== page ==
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Risk Management Project Week 3

Risk Management Project Week 3

Week 3 Assignment Guidance

In the template, the first column can be used for broad project level risks such as risks to the overall project objectives, assumptions, or constraints.  The second column is used for broad risk categories, such as technical risks.  The third column is where you would place specific risks related to activities or WBS deliverables.  If you have any questions, please post in the discussions.  Other students may have the same question.  Use the risk metalanguage as described in the text. 

A note on the risk metalanguage as presented on pages 63 and 64 of Hillson and Simon.  If I am managing, for example, a project to add additional servers to a data center, someone in the risk identification meeting might say “air conditioning load”.  To everyone in the room that translated to:

·         Cause – We are adding additional servers to the existing room

·         Risk – The additional heat generated by these servers may exceed the ability of our current air conditioning system to keep the room cool enough

·         Effect – This could result in increased temperatures and server failures. 

In the professional world, this is added to the risk list as “air conditioning load”.  I can do that.  However, as students no matter how experienced you are as project managers, I want to be able to see how you describe your risks.  Using the appropriate risk metalanguage will also be helpful when you start to analyze the risks and to develop risk mitigation strategies.  If you look at the rubric below you will see that there is a high penalty for not correctly expressing the risk.  So be cautious when writing your risks and compare them to the metalanguage.  As you develop each risk ask yourself if it is a risk or a project requirement.  Many students have a tendency to list project requirements as risks instead of looking at what risks could have an effect on meeting the requirement.  Also, only use weather if your project is being performed outside and try and avoid thermo nuclear war, comets, and all other world-destroying risks.  Still have fun with it.  Below are some examples and the Grading Rubric.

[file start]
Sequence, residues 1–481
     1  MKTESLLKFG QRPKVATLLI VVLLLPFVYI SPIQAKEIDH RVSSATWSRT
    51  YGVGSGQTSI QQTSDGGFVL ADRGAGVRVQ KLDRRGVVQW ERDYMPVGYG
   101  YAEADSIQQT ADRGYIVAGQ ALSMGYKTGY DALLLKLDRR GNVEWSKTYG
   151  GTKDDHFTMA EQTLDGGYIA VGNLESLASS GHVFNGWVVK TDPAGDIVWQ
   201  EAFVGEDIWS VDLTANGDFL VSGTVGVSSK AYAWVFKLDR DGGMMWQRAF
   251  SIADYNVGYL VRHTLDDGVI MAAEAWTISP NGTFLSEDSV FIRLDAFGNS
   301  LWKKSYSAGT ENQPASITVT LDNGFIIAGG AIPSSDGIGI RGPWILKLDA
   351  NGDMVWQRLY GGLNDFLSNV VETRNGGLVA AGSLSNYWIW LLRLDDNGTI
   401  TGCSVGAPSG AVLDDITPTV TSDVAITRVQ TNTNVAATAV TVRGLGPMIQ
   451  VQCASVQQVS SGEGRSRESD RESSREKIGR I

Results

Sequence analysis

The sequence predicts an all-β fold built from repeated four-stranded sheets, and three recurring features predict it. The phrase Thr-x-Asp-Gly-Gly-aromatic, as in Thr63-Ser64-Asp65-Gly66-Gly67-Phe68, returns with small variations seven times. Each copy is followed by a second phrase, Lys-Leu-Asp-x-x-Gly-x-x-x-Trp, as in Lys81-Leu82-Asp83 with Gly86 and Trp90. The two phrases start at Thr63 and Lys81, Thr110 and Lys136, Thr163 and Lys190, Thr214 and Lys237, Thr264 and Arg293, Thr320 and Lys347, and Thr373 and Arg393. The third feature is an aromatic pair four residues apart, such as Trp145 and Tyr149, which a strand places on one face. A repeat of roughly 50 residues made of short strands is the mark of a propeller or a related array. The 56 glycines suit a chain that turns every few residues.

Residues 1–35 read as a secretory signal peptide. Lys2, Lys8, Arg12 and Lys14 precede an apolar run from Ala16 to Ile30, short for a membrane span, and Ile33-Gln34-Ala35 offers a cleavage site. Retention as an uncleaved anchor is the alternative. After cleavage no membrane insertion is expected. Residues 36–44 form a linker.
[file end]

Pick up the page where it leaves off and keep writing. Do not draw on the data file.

In order to keep the RBS manageable, identify 10 risks from your project to be included in your RBS.


RBS Level 0

Use the column for broad project level risks

RBS Level 1

Use This Column for Risk Categories

RBS Level 2

Use this column for Detailed risks – such as those connected to a WBS item.  Use the risk metalanguage and for each risk state the Cause, Risk, and Effect as illustrated above.

Budget Assumption


The project has a firm budget of $100,000, if we exceed this amount, the project may be terminated or we will have to decrease the scope


Overall Technical Risk

For this project, we are using Linux servers for the first time, if our internal employees cannot quickly learn to set up these servers, it will delay the delivery date. 



The web pages must display within three seconds, if we cannot increase the display rate, the customers may leave our site and go to a competitor.

Time constraint (on a construction project)


The project is scheduled to start late in the season, the late start may cause delays, resulting in having to shut down the project until the next season. 


Overall labor risk

The operators union contract is scheduled to expire during the project, this would cause the loss of all heavy equipment operators, resulting in XXXX



The concrete footers are scheduled to be poured in November, if the temperature drops below 42 degrees, we will not be able to use our standard concrete mix resulting in increased concrete cost.










Use a title block with your name, date, course and section



Include a one or two sentence description of your project.



Use the appropriate form



Use appropriate spelling and grammar



Use appropriate wording and sentence structure



Include 10 risks



Express each risk using the risk metalanguage






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